Mountains in exotic tales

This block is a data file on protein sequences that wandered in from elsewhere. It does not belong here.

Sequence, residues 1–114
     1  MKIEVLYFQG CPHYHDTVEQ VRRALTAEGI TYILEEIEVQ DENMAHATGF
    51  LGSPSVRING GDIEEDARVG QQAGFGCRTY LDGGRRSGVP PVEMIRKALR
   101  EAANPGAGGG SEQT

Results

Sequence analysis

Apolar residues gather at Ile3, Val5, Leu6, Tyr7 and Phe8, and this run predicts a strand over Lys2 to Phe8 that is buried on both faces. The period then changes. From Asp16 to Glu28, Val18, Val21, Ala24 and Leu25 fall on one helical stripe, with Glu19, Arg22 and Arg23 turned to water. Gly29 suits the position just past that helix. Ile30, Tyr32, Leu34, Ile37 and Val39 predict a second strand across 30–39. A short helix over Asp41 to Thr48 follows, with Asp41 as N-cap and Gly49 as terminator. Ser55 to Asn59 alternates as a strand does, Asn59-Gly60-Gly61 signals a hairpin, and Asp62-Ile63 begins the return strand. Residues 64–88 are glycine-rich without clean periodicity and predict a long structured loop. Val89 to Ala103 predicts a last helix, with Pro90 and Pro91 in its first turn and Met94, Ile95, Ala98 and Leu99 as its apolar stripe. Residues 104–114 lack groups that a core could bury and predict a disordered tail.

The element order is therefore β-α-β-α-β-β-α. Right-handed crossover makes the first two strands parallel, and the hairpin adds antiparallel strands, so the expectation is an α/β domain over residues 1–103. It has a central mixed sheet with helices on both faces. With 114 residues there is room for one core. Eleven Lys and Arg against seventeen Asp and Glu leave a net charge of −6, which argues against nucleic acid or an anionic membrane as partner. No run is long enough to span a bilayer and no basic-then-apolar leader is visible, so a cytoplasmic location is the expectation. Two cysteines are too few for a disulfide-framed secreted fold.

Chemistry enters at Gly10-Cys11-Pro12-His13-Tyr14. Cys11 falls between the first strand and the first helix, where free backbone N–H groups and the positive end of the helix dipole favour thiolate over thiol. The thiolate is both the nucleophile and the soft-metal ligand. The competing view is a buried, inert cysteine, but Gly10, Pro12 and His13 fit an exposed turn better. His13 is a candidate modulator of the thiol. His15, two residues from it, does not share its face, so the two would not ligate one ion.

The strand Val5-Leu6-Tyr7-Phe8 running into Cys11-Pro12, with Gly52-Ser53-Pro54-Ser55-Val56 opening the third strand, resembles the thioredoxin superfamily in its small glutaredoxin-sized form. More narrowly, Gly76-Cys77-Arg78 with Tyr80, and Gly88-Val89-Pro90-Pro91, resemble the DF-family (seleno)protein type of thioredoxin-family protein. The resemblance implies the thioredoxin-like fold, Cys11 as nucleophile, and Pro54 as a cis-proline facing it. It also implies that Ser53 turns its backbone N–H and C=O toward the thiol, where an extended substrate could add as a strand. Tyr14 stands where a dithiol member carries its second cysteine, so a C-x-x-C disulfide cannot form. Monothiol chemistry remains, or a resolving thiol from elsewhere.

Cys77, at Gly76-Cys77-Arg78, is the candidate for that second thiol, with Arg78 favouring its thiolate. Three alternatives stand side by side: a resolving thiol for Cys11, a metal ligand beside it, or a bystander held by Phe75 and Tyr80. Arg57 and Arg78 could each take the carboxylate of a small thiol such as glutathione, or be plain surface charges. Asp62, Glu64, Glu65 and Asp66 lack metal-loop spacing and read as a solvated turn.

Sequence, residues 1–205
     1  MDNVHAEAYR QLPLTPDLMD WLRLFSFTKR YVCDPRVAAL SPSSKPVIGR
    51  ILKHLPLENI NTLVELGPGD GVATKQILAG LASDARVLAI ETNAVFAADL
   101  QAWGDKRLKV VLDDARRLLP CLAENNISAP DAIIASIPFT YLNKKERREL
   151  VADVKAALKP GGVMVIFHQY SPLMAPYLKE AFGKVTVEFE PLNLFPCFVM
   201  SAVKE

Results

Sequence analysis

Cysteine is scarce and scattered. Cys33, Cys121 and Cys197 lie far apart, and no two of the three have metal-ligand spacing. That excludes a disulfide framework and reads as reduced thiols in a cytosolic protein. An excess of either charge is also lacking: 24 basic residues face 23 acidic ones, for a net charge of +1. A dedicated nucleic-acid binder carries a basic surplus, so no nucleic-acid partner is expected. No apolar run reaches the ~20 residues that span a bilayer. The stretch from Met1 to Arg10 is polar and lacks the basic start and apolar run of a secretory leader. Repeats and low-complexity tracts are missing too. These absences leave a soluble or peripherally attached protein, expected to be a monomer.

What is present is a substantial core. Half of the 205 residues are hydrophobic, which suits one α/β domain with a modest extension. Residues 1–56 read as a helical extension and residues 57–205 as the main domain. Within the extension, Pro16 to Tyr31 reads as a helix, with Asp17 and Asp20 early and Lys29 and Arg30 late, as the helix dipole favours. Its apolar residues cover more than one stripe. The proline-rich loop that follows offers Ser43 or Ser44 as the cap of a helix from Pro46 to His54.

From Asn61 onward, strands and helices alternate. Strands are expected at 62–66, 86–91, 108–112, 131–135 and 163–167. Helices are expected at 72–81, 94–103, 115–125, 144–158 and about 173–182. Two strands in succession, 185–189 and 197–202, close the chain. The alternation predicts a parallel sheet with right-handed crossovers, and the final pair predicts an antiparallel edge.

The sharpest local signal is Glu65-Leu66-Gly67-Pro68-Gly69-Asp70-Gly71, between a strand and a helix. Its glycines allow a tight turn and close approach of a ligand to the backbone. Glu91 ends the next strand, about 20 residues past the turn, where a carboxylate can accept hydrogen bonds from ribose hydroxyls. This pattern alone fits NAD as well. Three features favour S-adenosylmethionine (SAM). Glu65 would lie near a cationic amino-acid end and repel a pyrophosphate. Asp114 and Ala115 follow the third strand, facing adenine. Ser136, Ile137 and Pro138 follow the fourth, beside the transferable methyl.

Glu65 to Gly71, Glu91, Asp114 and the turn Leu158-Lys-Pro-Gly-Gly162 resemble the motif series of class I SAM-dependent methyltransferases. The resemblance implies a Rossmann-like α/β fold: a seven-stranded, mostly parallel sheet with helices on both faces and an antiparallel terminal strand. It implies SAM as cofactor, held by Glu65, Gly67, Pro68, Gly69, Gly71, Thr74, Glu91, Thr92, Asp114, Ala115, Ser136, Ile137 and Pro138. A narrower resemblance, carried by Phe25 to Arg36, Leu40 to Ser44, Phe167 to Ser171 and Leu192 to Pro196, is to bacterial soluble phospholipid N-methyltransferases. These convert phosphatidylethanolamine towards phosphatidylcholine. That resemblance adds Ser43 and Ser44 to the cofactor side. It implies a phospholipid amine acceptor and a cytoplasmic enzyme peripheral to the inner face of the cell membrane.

The mountain motif is common, though to varying degree, in fairy tales from all over the world. It can be based on archaic myths with a highlighted opposition between the top and the bottom, placed in a cosmological representation of the world tree and the eternal conflict between the god of thunders and the chthonic demon acting to the detriment of people. In fairy tales this spatial opposition is symbolised and relativised, as a result of which a mountain can be inhabited also by creatures that are enemies of humans, and can oppose a legendary hero. The influence of myths and religious beliefs on fairy tale onomastics and mountain topoi was very evident outside Europe, expanding the scope of mythologemes associated with it to include the motif of mountain caves and caverns with moving crevices (Asia), volcanic islands inhabited by the gods of fire (Philippines, Polynesia), anthropomorphised mountains (Africa, Arctic) or mountains located on the Moon (Andes). A question remains, however, as to the extent to which the cult of mountains seen in religious beliefs (Christianity, Islam, Buddhism) influenced the type and actions of characters from fables, both positive and negative, and the extent to which the weakening of the link to myth (religion) influenced the aestheticisation of the physiognomy of mountains.